The Chicago White Sox are “the luckiest bunch of ballplayers I have ever run across in baseball,” said St. Louis Browns manager Jimmy McAleer in July 1906. “If the team wants a base on balls to win, it gets it; if an error is needed, someone is sure to boot the ball. I never saw or heard of a club that can do as little in the hitting line and get away with it as those Chicago boys. They can score more runs on fewer hits than any other team in either big league.”1
The 1906 White Sox were nicknamed the Hitless Wonders. After sweeping a doubleheader from McAleer’s Browns on September 14, the White Sox were tied with the New York Highlanders for first place in the American League. Yet the Chicago outfielders – Patsy Dougherty, Ed Hahn, and manager Fielder Jones – had a combined batting average of .229, and first baseman Jiggs Donahue was hitting only .242.2
The White Sox and Browns played the final game of a six-game series on Saturday, September 15. Eleven thousand fans packed Chicago’s South Side Park on a 73-degree afternoon.3 The starting pitchers were Frank Owen for the White Sox and Ed Smith for the Browns. Owen was working on short rest, having pitched all 10 innings of a scoreless tie two days earlier. In Smith’s last start, three days before, the White Sox were hardly hitless: They pounded him for 13 runs, including nine in the second inning.4
McAleer confused the sportswriters on September 15 when he put rookie third baseman Roy Hartzell at shortstop and moved rookie shortstop Pete O’Brien to third base. Whenever either made a notable play in the field, newspaper accounts disagreed on who made it.5
Branch Rickey, the Browns’ rookie catcher, knocked in the first run of the game with a two-out single in the top of the second inning. In the bottom half, Chicago’s George Rohe lifted a foul pop that was chased by Hartzell and O’Brien; the ball bounced out of the hands of one and into the hands of the other. Two Chicago newspapers reported the amusing play but disagreed on who caught the ball.6
The Chicago bats came to life in the fourth inning, as bleacherites chanted “Nine! Nine! Nine!” in unison, hoping the White Sox might again tally nine runs in one inning off Smith. They would have to settle for two runs. George Davis tripled on a line shot to right field; rookie Harry Niles ran in and dove for it, but came up empty as the ball scooted to the fence. Donahue singled sharply through a drawn-in infield, sending Davis home.7 Dougherty followed with a single, and Rohe was hit by a pitch to load the bases. Charlie Hemphill then caught Frank Roth’s fly ball in deep center field, and Donahue scampered home on the sacrifice.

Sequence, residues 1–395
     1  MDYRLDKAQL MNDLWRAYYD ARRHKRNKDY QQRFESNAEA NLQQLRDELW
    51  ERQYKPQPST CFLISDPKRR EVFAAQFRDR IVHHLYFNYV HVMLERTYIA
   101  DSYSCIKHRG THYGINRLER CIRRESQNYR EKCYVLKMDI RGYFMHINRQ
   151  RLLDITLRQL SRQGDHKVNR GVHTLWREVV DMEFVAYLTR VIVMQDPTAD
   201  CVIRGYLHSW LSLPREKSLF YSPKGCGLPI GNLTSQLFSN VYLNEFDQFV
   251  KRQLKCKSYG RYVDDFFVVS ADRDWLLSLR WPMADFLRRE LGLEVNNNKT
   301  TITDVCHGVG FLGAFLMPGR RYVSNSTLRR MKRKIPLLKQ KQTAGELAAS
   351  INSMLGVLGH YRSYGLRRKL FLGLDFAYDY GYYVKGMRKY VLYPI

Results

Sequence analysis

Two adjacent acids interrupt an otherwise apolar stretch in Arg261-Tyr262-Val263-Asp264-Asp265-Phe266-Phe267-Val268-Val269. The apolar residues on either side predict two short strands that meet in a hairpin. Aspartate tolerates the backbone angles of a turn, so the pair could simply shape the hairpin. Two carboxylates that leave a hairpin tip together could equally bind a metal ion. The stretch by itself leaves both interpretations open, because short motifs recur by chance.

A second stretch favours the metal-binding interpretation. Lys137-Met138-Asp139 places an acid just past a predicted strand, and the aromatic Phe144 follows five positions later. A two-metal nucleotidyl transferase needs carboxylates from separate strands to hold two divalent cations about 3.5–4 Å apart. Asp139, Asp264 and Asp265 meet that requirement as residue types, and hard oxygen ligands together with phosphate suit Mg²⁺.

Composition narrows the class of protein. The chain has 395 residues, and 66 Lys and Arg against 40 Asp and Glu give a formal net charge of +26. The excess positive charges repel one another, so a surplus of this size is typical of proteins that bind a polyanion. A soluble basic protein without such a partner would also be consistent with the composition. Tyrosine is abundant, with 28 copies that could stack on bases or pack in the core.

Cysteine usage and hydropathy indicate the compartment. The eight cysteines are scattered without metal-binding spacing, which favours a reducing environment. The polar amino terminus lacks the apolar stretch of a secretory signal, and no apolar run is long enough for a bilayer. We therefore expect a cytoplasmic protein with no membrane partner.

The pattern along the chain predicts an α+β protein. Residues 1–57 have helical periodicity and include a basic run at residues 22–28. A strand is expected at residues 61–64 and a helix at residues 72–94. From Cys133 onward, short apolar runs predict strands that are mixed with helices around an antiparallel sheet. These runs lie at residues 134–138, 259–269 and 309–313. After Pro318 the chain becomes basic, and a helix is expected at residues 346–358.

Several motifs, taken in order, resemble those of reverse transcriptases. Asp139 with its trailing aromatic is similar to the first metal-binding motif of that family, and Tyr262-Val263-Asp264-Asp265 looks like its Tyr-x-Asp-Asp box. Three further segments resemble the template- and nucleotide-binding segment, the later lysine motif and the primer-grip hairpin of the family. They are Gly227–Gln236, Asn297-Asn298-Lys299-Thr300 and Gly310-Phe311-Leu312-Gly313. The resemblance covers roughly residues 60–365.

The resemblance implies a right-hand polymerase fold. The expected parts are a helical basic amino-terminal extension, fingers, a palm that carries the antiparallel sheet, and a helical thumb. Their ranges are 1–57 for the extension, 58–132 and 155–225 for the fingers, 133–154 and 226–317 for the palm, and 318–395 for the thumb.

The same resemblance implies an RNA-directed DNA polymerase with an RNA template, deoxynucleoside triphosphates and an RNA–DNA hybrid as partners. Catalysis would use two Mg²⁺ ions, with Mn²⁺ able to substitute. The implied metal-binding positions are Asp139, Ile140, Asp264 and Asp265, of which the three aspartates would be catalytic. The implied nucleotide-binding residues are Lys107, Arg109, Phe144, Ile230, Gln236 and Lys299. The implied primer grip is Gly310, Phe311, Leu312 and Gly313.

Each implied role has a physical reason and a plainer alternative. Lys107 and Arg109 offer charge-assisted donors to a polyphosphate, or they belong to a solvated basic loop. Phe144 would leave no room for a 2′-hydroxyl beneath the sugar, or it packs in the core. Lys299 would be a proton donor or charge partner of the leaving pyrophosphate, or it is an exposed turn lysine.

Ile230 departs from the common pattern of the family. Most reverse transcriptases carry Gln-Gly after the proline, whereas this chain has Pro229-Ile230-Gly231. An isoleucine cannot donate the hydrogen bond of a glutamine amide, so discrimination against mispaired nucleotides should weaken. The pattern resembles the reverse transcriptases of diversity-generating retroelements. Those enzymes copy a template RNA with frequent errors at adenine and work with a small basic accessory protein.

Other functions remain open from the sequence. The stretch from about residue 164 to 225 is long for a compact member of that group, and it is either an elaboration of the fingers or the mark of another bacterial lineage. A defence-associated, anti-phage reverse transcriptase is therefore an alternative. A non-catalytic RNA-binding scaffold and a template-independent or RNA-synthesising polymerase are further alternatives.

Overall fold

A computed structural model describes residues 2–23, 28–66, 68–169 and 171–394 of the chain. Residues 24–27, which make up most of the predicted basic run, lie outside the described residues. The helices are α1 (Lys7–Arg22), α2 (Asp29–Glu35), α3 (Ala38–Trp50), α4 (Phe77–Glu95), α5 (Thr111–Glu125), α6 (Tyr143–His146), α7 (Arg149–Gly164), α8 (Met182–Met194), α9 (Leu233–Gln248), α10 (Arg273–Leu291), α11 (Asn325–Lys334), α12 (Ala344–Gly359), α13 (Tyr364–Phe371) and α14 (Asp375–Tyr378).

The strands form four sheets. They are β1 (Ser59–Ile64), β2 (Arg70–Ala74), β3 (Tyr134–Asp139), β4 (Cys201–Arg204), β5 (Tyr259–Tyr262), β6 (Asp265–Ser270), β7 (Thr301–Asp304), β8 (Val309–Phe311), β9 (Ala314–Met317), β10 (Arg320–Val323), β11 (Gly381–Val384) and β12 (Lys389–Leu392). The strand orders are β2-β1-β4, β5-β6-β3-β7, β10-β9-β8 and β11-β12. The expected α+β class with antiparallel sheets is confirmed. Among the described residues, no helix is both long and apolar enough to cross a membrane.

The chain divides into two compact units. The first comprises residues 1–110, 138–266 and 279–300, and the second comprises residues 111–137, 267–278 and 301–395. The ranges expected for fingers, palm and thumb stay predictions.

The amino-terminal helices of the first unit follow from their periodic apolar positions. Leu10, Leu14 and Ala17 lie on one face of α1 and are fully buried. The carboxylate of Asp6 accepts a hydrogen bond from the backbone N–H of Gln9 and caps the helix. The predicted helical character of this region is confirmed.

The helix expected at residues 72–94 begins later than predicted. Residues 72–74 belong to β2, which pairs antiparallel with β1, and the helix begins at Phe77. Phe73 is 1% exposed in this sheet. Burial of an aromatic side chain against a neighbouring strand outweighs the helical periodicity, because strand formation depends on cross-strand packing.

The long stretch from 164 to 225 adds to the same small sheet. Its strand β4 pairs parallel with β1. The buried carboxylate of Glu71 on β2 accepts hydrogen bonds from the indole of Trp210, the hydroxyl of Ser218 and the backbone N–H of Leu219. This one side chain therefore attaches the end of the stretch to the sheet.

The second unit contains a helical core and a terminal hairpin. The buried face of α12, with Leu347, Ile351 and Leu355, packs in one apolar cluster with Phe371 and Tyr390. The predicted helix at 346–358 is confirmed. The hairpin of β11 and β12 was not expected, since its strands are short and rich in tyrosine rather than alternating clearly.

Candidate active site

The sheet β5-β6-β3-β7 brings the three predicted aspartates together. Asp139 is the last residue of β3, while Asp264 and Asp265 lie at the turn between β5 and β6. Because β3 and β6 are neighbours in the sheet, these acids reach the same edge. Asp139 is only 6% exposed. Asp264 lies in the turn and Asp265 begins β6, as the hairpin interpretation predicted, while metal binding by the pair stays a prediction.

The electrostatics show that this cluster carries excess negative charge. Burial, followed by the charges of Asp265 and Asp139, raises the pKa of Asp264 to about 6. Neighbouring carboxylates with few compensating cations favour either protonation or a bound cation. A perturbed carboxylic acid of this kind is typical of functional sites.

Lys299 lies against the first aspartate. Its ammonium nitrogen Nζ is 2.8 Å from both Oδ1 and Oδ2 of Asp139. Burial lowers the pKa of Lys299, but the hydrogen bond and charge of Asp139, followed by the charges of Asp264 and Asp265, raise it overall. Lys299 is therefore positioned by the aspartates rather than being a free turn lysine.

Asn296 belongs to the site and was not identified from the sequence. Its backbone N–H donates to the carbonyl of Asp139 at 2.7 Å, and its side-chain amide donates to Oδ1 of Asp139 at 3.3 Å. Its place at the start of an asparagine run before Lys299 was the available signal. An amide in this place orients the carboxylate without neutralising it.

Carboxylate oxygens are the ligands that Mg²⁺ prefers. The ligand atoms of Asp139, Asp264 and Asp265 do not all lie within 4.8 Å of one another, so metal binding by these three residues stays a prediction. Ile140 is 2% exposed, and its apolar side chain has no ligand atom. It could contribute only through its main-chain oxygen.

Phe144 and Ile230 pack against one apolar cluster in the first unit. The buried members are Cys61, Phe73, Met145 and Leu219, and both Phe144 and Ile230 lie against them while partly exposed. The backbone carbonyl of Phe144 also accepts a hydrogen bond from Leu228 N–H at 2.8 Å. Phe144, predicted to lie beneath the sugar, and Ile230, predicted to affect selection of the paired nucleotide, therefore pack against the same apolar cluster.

In the top of the fifth, Rickey doubled down the right-field line. Hahn retrieved it and threw to second base, but the ball skipped past shortstop Davis. “Not a soul was backing up and the ball rolled into the fringe of spectators, giving Rickey the right to trot home on ground rules.”8
Hahn led off the bottom of the fifth with a single, and Frank Isbell and Davis also singled, scoring Hahn. Catcher Rickey noticed Isbell’s long lead off second base, but in his haste to nab him, threw the ball into center field. The White Sox got one more run in the inning and led 4-2.
Over the next two innings, the White Sox demonstrated their resourcefulness, or luck as McAleer would call it; they scored two runs “without the aid of a base hit or anything bearing a family resemblance to one.”9 With two outs in the sixth, Fielder Jones walked, stole second base, advanced to third on an error, and came home on a double steal. In the seventh Donahue reached base on an error by O’Brien or Hartzell, and then swiped second base. “Waiting a few seconds, he broke for third and landed, then got up and sneaked home because Rickey had thrown the ball to deep left field.”10
The “star catch of the game” was “a one-handed spear of a high liner from Rohe’s bat” in the seventh inning.11 Who made the catch? Well, it was either O’Brien or Hartzell.
Owen allowed only three hits through seven innings, but he tired in the eighth. Rickey and Smith singled to start the inning; Rickey scored on a double by Tom Jones, and Smith came home on a fielder’s choice. With two outs in the ninth, Hartzell singled and Rickey rapped yet another single, his fourth hit of the game. But Tubby Spencer, pinch-hitting for Smith, tapped an easy grounder to Rohe at third base to end the game. The final score was Chicago 6, St. Louis 4.
The New York Highlanders, meanwhile, split a doubleheader in Washington. The White Sox were now in first place, a half-game ahead of their New York rivals.
1 Scranton (Pennsylvania) Truth, July 9, 1906.
2 Washington Post, September 9, 1906.
3 Chicago Tribune, September 16, 1906; Sporting Life, September 22, 1906.
4 Sporting Life, September 22, 1906.
5 Chicago Tribune, Chicago Inter Ocean, and St. Louis Post-Dispatch, September 16, 1906.
6 Chicago Tribune and Chicago Inter Ocean, September 16, 1906.
7 Chicago Tribune, September 16, 1906.
11 Chicago Inter Ocean, September 16, 1906.